Like in Rome, Christmas and New Year’s in Venice is a special time. Many storefronts are adorned with boughs of holly and ornaments. String lights are draped overhead in the narrow streets. You become even more aware of that “special time of the year” by the large influx of tourists that crowd Venezia’s small alleyways.
Fireworks From A Gondola
Until you attempt to tear away an Italian from their family on New Year’s Eve!
My goal was to watch the fireworks on a gondola because I had read in an online forum it was a possibility.
When I spoke with several gondoliers, however, some chuckled and said no one would do it because everyone would be with their family… unless you paid well.
Whether or not gondolas are even allowed on the water that late at night is another thing. Unfortunately, due to the language barrier, that is one question I was unable to find out. Assuming it was allowed, though, with prices of €80 for day and €100 for night rides for up to 6 people, I can’t imagine the price of a gondolier who would agree to doing the midnight ride!
We headed out from our apartment at about 11:20PM and found it wasn’t overly crowded at the docks in front of Palazzo Ducale (Doge’s Palace).
Although a gondolier misinformed me about the location where the fireworks would be, we were still able to see the majority of it. Ponte della Paglia, which is south-east of Palazzo Ducale, is the bridge that would afford you the most views from its higher elevation. For even less crowds, head over to Punta della Dogana across the water.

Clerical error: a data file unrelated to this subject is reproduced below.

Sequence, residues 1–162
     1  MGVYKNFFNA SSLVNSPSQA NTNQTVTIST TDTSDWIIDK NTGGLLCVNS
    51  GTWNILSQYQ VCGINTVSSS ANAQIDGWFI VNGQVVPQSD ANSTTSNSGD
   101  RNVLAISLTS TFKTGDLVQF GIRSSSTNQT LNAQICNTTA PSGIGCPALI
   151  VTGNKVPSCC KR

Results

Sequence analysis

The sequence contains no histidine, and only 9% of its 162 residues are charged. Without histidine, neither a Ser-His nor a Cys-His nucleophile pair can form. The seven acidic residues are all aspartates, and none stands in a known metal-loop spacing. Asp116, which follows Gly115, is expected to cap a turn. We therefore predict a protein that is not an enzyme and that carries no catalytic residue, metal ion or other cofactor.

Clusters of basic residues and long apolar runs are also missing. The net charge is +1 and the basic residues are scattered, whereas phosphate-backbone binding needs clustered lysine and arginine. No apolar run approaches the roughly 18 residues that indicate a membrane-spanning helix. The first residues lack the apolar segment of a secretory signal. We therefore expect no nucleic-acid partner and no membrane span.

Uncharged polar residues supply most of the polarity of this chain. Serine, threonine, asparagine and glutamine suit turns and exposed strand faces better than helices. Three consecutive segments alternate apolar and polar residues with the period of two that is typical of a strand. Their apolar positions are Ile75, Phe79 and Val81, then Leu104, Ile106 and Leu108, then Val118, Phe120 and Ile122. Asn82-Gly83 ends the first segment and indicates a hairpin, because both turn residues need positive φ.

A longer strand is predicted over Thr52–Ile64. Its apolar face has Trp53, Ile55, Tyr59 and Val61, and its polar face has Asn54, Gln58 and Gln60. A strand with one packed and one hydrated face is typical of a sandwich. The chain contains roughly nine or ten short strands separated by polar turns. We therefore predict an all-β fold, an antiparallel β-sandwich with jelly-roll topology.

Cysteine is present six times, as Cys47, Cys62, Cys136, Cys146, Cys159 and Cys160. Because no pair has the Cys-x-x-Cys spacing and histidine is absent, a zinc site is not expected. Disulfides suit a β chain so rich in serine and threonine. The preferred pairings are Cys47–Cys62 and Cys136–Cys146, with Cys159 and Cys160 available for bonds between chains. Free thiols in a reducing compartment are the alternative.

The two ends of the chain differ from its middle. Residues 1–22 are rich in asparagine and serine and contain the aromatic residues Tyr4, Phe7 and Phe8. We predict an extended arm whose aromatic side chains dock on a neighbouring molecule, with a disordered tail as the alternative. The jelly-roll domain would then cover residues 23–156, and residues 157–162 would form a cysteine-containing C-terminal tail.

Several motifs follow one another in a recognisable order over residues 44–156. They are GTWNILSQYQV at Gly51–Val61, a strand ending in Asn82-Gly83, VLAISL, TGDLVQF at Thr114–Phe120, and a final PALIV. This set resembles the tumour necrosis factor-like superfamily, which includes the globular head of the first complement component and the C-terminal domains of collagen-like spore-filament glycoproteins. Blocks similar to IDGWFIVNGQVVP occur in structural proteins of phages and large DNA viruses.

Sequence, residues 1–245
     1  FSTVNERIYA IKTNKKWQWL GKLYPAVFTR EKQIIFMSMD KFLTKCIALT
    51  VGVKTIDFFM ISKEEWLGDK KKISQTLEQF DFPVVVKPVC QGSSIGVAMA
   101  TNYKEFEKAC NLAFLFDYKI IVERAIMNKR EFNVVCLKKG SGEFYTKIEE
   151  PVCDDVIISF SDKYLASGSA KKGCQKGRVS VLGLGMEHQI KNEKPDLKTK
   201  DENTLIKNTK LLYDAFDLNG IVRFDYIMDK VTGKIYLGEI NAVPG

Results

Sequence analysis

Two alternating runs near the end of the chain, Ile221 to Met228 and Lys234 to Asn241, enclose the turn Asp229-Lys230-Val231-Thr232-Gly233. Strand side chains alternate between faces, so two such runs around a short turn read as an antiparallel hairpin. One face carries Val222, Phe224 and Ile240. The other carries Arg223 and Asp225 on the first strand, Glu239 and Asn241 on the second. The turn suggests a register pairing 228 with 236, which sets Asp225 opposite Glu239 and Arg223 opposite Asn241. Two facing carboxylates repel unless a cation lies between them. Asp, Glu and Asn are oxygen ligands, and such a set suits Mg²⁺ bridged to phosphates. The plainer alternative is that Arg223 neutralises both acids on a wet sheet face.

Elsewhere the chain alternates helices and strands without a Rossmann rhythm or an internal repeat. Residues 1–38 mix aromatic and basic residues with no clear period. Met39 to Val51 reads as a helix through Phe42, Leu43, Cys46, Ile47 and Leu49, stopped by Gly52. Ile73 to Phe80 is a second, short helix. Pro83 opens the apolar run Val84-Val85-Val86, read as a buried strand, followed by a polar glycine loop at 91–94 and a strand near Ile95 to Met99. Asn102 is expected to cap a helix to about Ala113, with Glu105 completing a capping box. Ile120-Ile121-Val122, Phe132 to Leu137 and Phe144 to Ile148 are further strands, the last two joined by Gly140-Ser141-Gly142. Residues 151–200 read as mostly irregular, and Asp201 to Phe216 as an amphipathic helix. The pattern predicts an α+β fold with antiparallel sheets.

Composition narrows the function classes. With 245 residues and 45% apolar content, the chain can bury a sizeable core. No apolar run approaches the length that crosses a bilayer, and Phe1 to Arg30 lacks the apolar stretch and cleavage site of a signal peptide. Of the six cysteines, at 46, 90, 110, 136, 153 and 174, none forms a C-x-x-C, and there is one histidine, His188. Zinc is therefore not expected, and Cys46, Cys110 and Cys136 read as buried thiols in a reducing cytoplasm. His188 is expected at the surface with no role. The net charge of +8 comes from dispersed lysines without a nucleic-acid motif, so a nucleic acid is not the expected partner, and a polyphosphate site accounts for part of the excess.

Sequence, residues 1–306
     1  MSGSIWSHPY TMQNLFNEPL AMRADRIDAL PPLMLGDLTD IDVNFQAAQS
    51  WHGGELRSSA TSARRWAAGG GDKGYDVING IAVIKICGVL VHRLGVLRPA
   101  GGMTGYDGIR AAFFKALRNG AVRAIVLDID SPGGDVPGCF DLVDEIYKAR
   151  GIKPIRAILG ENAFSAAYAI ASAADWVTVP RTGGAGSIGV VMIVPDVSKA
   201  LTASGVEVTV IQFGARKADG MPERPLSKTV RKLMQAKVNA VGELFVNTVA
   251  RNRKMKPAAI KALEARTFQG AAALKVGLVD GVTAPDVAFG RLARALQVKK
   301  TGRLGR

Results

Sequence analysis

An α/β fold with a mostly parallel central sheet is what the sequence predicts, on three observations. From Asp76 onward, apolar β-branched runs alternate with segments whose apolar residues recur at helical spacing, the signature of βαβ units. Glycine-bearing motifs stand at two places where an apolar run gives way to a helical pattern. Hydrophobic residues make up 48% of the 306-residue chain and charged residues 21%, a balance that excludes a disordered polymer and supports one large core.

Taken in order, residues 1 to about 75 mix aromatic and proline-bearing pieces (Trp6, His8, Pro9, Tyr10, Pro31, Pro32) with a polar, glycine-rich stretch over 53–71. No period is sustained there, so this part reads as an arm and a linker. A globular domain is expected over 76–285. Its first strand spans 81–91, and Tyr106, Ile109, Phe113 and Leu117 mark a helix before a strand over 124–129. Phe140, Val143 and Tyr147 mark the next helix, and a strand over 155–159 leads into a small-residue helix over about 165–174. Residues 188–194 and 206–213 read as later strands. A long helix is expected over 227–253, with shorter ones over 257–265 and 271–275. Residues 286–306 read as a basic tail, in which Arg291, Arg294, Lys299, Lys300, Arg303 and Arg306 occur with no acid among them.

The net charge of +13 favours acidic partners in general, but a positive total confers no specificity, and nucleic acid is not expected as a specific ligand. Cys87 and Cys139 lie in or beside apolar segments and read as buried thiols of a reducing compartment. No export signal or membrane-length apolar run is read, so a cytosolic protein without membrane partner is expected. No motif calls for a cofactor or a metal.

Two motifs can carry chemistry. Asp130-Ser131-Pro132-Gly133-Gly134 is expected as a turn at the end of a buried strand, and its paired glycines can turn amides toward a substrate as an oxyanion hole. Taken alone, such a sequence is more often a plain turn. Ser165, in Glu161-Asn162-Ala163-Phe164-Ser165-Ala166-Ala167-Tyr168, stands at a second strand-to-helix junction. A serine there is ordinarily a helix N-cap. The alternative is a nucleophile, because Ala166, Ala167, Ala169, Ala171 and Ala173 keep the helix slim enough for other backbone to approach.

This is what it looked like about 15-20 minutes until midnight.
Crowds in front of Doge’s Palace.
The fireworks lasted a good 15-20 minutes, and crowds started to disperse immediately after it was done.
A lot of people hung back to continue celebrating by drinking in the Square. There were even a couple of crowds who were singing [what I’m guessing are] celebratory songs to ring in the new year.
Unfortunately, as is common with many parties and drunken crowds, bottles and trash were strewn all across the Square and docks areas.
To Wear Or Not To Wear The Mask
We wanted to get as festive as possible for the countdown and thought masks would be great to wear.
The mask shops are everywhere, I think there may be at least three on every street in the San Marco sestieri, or district, alone.
One shopkeeper told me that everyone wears a mask for the countdown. In reality, about 1 in 25 people was wearing a mask.
NYE Dinners and Reservations
Find a restaurant ahead of time, inquire about their New Year’s Eve service, and reserve your spot. Chances are, the restaurant you were eyeing will require a reservation.
Restaurants will offer a special New Year’s menu that may be slightly different from their normal fare.
After having eaten at Ae Sconte twice already, I wanted to check out a different spot, but every restaurant I inquired at required a reservation and didn’t even allow us to be put on standby in the event of a cancellation. I called Ae Sconte, and they remembered me from our previous visits. They were able to squeeze us in and told us to come by in about 20 minutes.
We sat at the window table inside right by the entrance. Although this table is normally reserved for their employees and it’s right by the alcohol cooler, we just appreciated the fact they took us in when all other restaurants rejected us. When my son had mentioned there wasn’t pizza on the menu, one of the servers overheard and said they’d make it for him anyway.